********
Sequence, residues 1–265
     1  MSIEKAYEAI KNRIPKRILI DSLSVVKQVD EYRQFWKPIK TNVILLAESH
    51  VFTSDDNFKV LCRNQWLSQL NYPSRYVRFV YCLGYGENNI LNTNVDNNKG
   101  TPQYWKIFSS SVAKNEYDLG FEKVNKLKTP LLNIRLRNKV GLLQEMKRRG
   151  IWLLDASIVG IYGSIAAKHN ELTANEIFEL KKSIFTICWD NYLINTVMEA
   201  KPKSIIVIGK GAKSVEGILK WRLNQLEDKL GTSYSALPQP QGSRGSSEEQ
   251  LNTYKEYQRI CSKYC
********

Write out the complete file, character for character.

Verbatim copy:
Sequence, residues 1–265
     1  MSIEKAYEAI KNRIPKRILI DSLSVVKQVD EYRQFWKPIK TNVILLAESH
    51  VFTSDDNFKV LCRNQWLSQL NYPSRYVRFV YCLGYGENNI LNTNVDNNKG
   101  TPQYWKIFSS SVAKNEYDLG FEKVNKLKTP LLNIRLRNKV GLLQEMKRRG
   151  IWLLDASIVG IYGSIAAKHN ELTANEIFEL KKSIFTICWD NYLINTVMEA
   201  KPKSIIVIGK GAKSVEGILK WRLNQLEDKL GTSYSALPQP QGSRGSSEEQ
   251  LNTYKEYQRI CSKYC